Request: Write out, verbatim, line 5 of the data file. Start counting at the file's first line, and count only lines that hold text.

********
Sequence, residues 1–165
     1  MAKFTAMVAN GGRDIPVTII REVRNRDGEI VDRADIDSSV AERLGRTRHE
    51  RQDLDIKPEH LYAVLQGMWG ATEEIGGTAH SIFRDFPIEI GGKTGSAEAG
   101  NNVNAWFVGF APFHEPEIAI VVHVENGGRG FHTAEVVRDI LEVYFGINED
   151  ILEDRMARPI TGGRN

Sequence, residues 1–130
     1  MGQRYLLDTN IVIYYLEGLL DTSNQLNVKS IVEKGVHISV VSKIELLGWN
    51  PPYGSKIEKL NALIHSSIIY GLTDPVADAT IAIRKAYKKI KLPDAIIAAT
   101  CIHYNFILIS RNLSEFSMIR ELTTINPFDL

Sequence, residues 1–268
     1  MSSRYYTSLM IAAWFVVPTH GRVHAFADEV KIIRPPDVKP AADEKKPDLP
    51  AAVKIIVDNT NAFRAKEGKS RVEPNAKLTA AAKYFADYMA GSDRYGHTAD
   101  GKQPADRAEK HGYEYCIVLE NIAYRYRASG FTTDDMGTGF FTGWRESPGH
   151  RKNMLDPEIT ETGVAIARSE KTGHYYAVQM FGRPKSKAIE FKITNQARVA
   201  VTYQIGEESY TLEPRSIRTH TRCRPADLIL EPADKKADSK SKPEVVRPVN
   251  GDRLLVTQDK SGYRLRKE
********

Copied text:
   151  ILEDRMARPI TGGRN